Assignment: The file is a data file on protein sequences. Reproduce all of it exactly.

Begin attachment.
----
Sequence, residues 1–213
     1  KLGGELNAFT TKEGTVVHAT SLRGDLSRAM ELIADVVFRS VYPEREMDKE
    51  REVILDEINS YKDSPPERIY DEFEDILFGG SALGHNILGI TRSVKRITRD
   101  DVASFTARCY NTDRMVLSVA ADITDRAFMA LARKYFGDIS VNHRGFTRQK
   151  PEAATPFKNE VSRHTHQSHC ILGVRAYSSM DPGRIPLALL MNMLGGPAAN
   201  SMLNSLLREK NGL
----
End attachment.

Sequence, residues 1–213
     1  KLGGELNAFT TKEGTVVHAT SLRGDLSRAM ELIADVVFRS VYPEREMDKE
    51  REVILDEINS YKDSPPERIY DEFEDILFGG SALGHNILGI TRSVKRITRD
   101  DVASFTARCY NTDRMVLSVA ADITDRAFMA LARKYFGDIS VNHRGFTRQK
   151  PEAATPFKNE VSRHTHQSHC ILGVRAYSSM DPGRIPLALL MNMLGGPAAN
   201  SMLNSLLREK NGL